PS456      Half Unit
Consumer Psychology

This information is for the 2015/16 session.

Teacher responsible

Prof Serge Lahlou QUE.3.26, Dr Benjamin Voyer QUE.3.15, Dr Claudine Provencher KSW.5.04 and Dr Frederic Basso QUE.3.14


This course is available on the MSc in Organisational and Social Psychology, MSc in Social and Cultural Psychology and MSc in Social and Public Communication. This course is available with permission as an outside option to students on other programmes where regulations permit.

Course content

Homo economicus (economic theories of consumption, state of the art); Homo sociologicus (sociology of consumption, state of the art); Homo emptor (traditional marketing-related theories such as attitudes, attitude change, persuasion, dissonance, anchoring, state of the art); Evolutionary psychology of consumers and citizens (competition and cooperation); Community and consumption (social identity theory, fads and fashion, alternative consumption patterns and boycott as resistance); Traditional socio-psychological theories of behavioural change (Lewin on change and action research; Kiesler, Joule and Beauvois on psychology of commitment); New theories of behavioural change and sustainable consumption (Lahlou's installation theory; social representations); Alternative approaches to consumer psychology (community engagement, consumer culture theory); The future of consumption (globalisation, sustainability).


10 hours of lectures and 10 hours of seminars in the LT.

Formative coursework

Essay plan submitted in the LT.

Indicative reading

Handbook of Consumer Psychology (Haugtvedt and Kardes, 2008); Psychology and Consumer Culture: The Struggle for a Good Life in a Materialistic World (Kasser and Kanner, 2004); Human Groups and Social Categories (Tajfel, 1981); The Psychology of Commitment (Kiesler, 1971); Choice: A Critical Guide (Heap et al., 1992); Risk: The Science and Politics of Fear (Gardner, 2009); Behavioural Economics: Seven Principles for Policy Makers (New Economics Foundation, 2005; Social Influence and Social Change (Moscovici, 1976); Resolving Social Conflicts: Selected Papers on Group Dynamics (Lewin, 1948); Distinction: a Social Critique of the Judgment of Taste, (Bourdieu, 1984).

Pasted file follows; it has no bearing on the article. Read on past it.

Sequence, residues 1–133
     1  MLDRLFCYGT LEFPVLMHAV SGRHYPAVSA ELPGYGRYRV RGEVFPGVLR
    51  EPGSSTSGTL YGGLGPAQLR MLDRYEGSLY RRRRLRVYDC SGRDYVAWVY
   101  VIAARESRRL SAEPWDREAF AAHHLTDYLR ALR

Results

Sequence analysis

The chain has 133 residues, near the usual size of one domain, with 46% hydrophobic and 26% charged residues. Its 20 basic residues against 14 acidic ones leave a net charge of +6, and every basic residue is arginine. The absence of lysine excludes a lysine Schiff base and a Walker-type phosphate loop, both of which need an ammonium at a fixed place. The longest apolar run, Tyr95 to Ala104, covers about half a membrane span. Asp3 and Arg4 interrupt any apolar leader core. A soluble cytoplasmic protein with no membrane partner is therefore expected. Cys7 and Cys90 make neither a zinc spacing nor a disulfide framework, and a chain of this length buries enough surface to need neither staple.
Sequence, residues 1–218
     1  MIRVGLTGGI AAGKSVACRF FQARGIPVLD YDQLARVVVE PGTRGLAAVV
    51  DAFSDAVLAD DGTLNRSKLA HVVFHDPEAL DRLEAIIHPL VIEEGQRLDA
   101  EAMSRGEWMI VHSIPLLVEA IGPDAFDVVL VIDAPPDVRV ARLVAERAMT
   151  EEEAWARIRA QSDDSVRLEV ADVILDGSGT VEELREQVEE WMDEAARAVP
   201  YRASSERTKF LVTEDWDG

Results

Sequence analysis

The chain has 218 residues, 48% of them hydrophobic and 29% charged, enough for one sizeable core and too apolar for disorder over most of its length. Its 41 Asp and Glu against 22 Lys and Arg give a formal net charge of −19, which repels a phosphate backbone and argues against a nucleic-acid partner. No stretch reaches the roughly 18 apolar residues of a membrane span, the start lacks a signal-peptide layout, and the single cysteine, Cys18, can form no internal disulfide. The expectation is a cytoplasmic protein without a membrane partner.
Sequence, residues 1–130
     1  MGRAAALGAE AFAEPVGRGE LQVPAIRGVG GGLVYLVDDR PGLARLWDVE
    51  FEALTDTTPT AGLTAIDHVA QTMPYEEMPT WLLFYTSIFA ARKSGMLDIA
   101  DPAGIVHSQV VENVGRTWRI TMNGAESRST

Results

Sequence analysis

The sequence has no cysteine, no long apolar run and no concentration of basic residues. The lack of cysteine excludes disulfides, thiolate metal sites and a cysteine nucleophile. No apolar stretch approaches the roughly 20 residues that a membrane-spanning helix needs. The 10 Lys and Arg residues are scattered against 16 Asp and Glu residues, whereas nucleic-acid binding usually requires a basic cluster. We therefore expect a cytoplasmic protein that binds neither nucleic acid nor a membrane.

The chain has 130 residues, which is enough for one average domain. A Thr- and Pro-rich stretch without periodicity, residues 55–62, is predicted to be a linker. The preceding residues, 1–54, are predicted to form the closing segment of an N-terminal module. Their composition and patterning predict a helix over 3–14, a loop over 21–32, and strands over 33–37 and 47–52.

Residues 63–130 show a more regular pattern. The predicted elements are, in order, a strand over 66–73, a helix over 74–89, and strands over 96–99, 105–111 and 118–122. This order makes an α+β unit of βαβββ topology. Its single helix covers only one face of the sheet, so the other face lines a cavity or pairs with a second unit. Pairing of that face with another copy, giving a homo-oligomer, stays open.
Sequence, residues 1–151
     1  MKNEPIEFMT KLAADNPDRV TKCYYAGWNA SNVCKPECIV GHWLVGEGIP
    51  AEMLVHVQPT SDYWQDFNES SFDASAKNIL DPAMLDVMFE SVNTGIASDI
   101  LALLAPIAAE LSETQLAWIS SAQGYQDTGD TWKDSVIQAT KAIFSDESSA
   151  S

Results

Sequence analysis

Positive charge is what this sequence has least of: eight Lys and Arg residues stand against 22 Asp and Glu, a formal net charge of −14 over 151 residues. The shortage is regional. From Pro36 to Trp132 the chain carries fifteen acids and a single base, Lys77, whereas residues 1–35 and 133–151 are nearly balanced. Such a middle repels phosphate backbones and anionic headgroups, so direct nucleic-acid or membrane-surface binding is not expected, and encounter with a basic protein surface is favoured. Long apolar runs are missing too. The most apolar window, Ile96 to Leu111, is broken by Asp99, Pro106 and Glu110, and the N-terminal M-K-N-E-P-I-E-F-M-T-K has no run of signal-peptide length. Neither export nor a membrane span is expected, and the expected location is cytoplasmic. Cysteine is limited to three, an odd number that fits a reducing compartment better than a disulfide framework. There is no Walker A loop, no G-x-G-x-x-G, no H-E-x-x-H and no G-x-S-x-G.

Essay (100%, 3000 words) in the LT.

Teachers' comment

LSE offers two courses addressing consumer behaviour: PS456 Consumer Psychology and MG404 Behavioural Fundamentals for Marketing and Management. PS456 targets the (future) decision-makers and advisers in business and organisations dealing with consumers, including non-commercial.  MG404 is designed for the students' of Management to complement their curriculum.  There are some similarities in the content of  PS456 and MG404. Broadly, both courses introduce the psychological theories to business situations. There are, however, important differences in the orientations of the two courses. PS456 provides a skillset and a toolbox of theories and methods for analyzing consumer demand, finding the levers for change and building sustainable business models. For assessment, students' may chose a real case and write a set of (justified) recommendations to the CEO. PS456 may especially be of interest to students' across a broad range of programmes who are interested in developing new modes of relationship with consumers or building sustainable business models as an alternative to the current consumer society. MG404 is intended for students studying management and related disciplines, who want to learn how to influence consumer behaviour (eg. how to construct persuasive advertising or sway purchase decisions. MG404 introduces the principles of consumer behaviour that firms need to recognise for successfully marketing their products and services, and which consumers themselves can use to make optimal decisions. The courses share some content where appropriate; other content differs in accordance with the different goals of the two courses.

Key facts

Department: Social Psychology

Total students 2014/15: 51

Average class size 2014/15: 17

Controlled access 2014/15: Yes

Lecture capture used 2014/15: Yes (LT)

Value: Half Unit

Guidelines for interpreting course guide information